How Small Data beats Big Data

The idea of Big Data is awesome and the technology stack behind it is simply cool. Big Data will stay and it will change the business. Then again, there are a lot of superstitious expectations and conceptions in the hype of Big Data. Big Data can be a trap, a key to stagnation and inability to decide.

Seeing Big Data as an extension of sensory system is simply the wrong analogy: Multiple people talking at the same time, won’t convey more information. Enormous source of information alone, won’t make you wiser. A lot of voices and a lot of data data means noise and chaos. You need only little data, i.e. “Small Data” to make sense of the surrounding complexity, and only after that you can use Big Data effectively.

The amount of difference voices does not increase knowledge. Too much information at the same time makes you most likely inefficient and slow.

Less is more. In the ideal situation, there is minimum amount of information to see the pattern but no less. Too much data is almost as bad as too little: both makes you dull and confused but because of opposite reasons.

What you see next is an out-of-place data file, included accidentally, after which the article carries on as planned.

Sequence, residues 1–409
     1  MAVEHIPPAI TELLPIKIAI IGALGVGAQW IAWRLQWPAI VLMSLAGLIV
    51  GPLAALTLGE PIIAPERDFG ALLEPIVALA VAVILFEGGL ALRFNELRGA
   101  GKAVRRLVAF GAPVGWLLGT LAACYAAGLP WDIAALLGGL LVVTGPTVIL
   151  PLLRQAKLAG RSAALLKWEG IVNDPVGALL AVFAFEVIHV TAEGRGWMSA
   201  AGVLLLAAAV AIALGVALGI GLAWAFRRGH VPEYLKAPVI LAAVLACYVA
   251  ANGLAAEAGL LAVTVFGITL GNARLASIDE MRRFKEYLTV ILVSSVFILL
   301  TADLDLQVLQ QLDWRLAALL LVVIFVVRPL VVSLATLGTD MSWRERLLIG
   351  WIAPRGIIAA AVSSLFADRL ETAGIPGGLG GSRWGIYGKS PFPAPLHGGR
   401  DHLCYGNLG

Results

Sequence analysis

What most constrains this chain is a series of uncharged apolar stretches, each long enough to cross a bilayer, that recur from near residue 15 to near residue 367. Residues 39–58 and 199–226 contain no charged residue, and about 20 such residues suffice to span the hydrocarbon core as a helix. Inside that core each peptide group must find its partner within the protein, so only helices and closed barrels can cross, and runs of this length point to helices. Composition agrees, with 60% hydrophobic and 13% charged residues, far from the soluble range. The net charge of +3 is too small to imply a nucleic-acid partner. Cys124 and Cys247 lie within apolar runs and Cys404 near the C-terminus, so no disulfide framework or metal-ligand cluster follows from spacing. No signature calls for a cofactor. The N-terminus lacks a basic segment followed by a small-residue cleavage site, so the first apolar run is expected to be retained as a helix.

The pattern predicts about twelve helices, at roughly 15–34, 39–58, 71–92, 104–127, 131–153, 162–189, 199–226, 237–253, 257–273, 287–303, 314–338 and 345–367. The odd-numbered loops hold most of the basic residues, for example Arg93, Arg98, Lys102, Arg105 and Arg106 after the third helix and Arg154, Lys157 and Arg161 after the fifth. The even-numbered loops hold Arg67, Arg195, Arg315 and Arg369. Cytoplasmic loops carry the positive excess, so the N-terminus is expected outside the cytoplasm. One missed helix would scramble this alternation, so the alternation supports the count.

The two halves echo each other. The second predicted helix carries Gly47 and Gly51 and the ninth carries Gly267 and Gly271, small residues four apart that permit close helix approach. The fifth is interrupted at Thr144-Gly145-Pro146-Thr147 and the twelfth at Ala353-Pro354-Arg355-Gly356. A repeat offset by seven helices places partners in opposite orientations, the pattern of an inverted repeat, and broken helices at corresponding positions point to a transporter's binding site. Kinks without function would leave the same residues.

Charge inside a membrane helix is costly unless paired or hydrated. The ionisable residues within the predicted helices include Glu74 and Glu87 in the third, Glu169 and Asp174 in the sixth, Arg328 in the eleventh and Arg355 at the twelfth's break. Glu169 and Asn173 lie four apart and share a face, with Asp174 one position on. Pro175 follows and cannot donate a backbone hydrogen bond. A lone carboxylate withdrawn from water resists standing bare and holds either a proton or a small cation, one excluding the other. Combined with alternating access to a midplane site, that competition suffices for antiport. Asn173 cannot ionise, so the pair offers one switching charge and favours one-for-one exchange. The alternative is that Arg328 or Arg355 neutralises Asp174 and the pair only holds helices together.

Don’t degenerate into the level of supercomputers!

In a highly complex environment, people’s wit and cunningness outperform even the most sophisticated data models and algorithms. The reason is not that human beings are good at processing large amount of data, but because we are ridiculously good with using Small Data to understand complexity and work with it.

For human beings, it’s trivial task to walk in the woods. It more than easy to go around a tree that’s on your way. It’s not a trivial task for a machine. A machine simply doesn’t know what is relevant and what is not, and thus it need to take everything into account. Actually, the smartest algorithms like neural networks allows a machine to efficiently ignore large portion of data and thus, find a globally optimal solution much faster.

A supercomputer is good with Big Data and terribly bad with Small Data. For human beings the opposite is true.